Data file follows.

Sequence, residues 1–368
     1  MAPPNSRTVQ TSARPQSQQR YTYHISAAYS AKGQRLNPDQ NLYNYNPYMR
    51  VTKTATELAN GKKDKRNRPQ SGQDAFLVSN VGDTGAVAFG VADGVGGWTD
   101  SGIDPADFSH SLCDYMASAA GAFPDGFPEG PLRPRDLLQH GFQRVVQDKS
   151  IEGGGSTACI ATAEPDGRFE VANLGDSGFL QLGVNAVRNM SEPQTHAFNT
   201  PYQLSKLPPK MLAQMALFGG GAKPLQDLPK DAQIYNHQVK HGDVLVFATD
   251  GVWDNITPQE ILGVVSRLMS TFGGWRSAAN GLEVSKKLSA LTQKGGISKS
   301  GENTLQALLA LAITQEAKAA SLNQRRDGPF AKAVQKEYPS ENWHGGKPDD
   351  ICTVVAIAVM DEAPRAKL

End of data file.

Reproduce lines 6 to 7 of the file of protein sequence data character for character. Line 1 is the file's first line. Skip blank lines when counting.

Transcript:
   201  PYQLSKLPPK MLAQMALFGG GAKPLQDLPK DAQIYNHQVK HGDVLVFATD
   251  GVWDNITPQE ILGVVSRLMS TFGGWRSAAN GLEVSKKLSA LTQKGGISKS